How Holstein Kiel Shocked The World and Defeated Bayern Munich

On Friday, January 8, Bayern Munich squandered an early 2-0 lead to lose to Marco Rose’s Borussia Mönchengladbach, a match which saw the defending European champions lose their first match in all competitions since September 27. Bayern looked to bounce back from their defeat five days later, when they paid a visit to Holstein-Stadion to face off against Holstein Kiel in the Second Round of the DFB-Pokal.


Having won two of the past DFB-Pokal Finals, Bayern were widely expected to trounce Holstein Kiel, currently 4th in the 2. Bundesliga. After heading into halftime with a 1-1 score following goals from Serge Gnabry and Fin Bartels, Bayern looked set to be cruising towards the Round of 16 after Leroy Sané grabbed a goal shortly after the break. However, in the last play of regulation, Hauke Wahl headed home a cross from Johannes van den Bergh to force extra time.


Bayern dominated proceedings over the next 30 minutes and came close to adding a go-ahead goal, but the hosts held on and kept the score level. Holstein Kiel would go on to win 6-5 on penalties after Marc Roca’s shot was saved and Bartels converted from the spot. It was a historic achievement, not only for a second-division team to beat the best team in the country, but to manage to dominate Bayern in sustained phases of possession.




Holstein Kiel defended in a hybrid formation of a 4-2-3-1 and a 4-4-2, often working with slightly asymmetrical structures to direct Bayern to their right side. In the pressing preparation, they were careful to ensure that the centre was not exposed, but they also maintained their intense marking off the ball, meaning that their midfielders had short distances to cover and could tackle their opponents relatively quickly.



When Kiel managed to force Bayern into wide positions when building out from the back, Kiel looked to aggressively close down all passing options surrounding the full back in possession. In order to sustain this, Kiel’s full backs moved towards a man-marking based system to prevent the ball from being played into Bayern’s winger, whilst Kiel’s central players would mostly look to prevent any space from being found centrally for Bayern.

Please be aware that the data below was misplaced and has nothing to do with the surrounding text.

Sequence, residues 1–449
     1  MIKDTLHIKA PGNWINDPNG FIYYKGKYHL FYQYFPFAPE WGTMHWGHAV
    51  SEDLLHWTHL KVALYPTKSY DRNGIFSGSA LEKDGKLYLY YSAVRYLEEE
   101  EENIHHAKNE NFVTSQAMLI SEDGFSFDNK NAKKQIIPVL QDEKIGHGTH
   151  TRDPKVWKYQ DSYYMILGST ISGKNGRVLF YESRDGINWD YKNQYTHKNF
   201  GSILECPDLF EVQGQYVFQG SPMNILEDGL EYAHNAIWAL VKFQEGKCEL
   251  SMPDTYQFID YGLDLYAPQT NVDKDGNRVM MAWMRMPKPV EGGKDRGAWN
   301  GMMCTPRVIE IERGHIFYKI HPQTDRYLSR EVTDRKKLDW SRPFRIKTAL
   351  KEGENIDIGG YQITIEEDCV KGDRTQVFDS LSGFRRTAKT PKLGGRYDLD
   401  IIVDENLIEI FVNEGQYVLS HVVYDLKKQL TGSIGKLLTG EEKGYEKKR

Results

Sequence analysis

During these situations, the ball-side striker would aggressively chase back passes to Bayern’s center back. Usually, the free striker would handle Joshua Kimmich by dropping slightly deeper and moving into the midfield. The ball-side central midfielder, in turn, man-marked the next central passing-lane. It was crucial, however, that the central midfielder could maintain the height of the midfield line and did not have to drop too deep or move too far up.


Alternatively, the central midfielder would defend such situations by shadow-covering the space behind him, to close the depth available to Bayern between the lines. For this, it was important that the other central midfielder maintained the gap to his midfield partner, whilst also looking to close potential passing lanes.


As the only passing-option, Kiel offered Bayern’s full backs the possibility of switching the play to the far side center back. However, this was the pressing trigger for Kiel’s far side winger, who then tried to anticipate the pass, or alternatively, put Bayern’s center back under pressure to force a mistake and a potential turnover. As a result of the large length of the passes Bayern were forced to play, Kiel had more time to apply pressure whilst the ball was traveling, and thus, increasing their chances of winning the ball back.



As the game progressed though, Kiel’s pressing inevitably grew slower and less intensive, especially when Bayern used a back three during their build-up, meaning they were able to overrun the Kiel attackers using the numerical advantage. Additionally, Kiel’s midfielders could not provide support further up, as they looked to stay man-to-man with their midfield counterparts.